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Strained Si-on-insulator Development Accelerates

With strained Si now on the CMOS roadmap and wafer bonding accepted as a method for producing SOI substrates, Gianni Taraschi looks at the ongoing efforts to combine the two technologies.
Recently, a number of semiconductor manufacturers have announced plans to incorporate strained Si into future CMOS technologies, yielding enhanced performance for minimal additional cost. Typically, the strain in a thin Si surface layer is induced by a SiGe graded buffer deposited onto a Si substrate. Tensile strain significantly increases carrier mobility, thereby improving performance (Compound Semiconductor September 2002 p39). Another material that has been used for some time now in CMOS fabrication is Si-on-insulator (SOI). In SOI, a buried insulating oxide layer reduces parasitic junction capacitance, thereby increasing drive currents while decreasing noise and power dissipation.

There has been rapid progress in the development of process technologies that merge both strained Si and SOI. To achieve this end, processes typically involve the creation of engineered substrates consisting of relaxed SiGe-on-insulator (SGOI), which serve as templates for thin strained Si layers. Due to the presence of the surface strained Si and the underlying buried oxide, the final structure is sometimes referred to as strained Si-on-insulator (SSOI).

Separation by implanted oxygen (SIMOX) and wafer bonding are popular approaches
for the fabrication of a buried oxide. SIMOX involves the implantation of oxygen ions
into the wafer surface, followed by a high-temperature anneal to remove implant damage from the crystalline layer and form the buried oxide layer. Although ideal for bulk Si, SIMOX has been unsuccessful when applied to SiGe with Ge contents above 30%, due to thermal instability during high-temperature post-implant annealing (Compound Semiconductor November 2002 p37).

In contrast, wafer-bonding approaches do not suffer from this limitation, and allow for SGOI substrate fabrication with any Ge content, in addition to strained Si directly on oxide. For this reason, a number of groups in both industry and academia have developed high-quality SGOI and SSOI substrate fabrication based on wafer bonding. All of these methods begin with the growth of a relaxed SiGe graded buffer on a Si substrate, which minimizes the density of dislocations in the surface film. The SiGe graded buffer then serves as the donor for the bonding process, but each method employs different techniques to achieve smooth transferred layers.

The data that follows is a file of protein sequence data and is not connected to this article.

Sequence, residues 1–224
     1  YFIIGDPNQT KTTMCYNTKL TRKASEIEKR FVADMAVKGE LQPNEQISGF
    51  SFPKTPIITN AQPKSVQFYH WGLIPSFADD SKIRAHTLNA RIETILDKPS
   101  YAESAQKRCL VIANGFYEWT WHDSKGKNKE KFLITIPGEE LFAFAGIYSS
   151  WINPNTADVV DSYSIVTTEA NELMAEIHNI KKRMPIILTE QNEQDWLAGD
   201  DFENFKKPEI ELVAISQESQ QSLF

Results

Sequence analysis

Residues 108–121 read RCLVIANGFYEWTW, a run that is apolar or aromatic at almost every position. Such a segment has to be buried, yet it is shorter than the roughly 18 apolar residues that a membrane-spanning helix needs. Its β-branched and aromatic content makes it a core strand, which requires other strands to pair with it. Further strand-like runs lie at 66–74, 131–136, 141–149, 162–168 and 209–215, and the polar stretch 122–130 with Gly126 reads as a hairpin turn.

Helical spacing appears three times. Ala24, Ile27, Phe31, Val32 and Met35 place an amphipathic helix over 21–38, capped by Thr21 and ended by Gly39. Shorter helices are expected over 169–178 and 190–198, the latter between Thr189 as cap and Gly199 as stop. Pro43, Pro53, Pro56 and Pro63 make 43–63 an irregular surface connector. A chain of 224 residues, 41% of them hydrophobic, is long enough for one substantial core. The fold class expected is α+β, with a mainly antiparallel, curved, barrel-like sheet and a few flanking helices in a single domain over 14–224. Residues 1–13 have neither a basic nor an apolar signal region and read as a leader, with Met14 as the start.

The Si stop-layer approach
A first demonstration of SGOI fabrication using wafer bonding was presented at the 2000 Electronic Materials Conference (Taraschi et al. 2002a). Via the use of a strained Si etch stop layer, the process ensures that the final structure possesses a smooth and uniform SiGe film, with a RMS roughness of about 1 nm. Figure 1 shows the process flow, beginning with the growth of a relaxed SiGe buffer, graded up to the desired surface Ge content. Due to the influence of dislocation strain fields during growth, the surface of the SiGe buffer is considerably roughened and requires polishing to provide a flat surface for subsequent growth steps and wafer bonding. After polishing, a strained Si etch-stop layer followed by about 100 nm of SiGe is deposited onto the graded buffer (figure 1a). The wafer is then bonded to an oxidized Si handle wafer (figure 1b), the backside of the original wafer is ground away, and a selective etch (KOH or TMAH) removes excess Si while stopping in the SiGe graded buffer (figure 1c). KOH and TMAH solutions have been shown to quickly etch Si while effectively stopping on SiGe with Ge content greater than 20%, making these etchants ideal for a backside removal process.

Next, excess SiGe is removed using one of the many selective SiGe etchants that stop on the strained Si layer (figure 1d). Numerous chemical etchants containing hydrogen peroxide, nitric acid or ammonia can be tailored to etch SiGe at a much faster rate than Si, and are therefore ideal for selective etching. Once the process is complete, the final structure consists of a strained Si layer on a uniform thickness SiGe layer bonded to a buried oxide.
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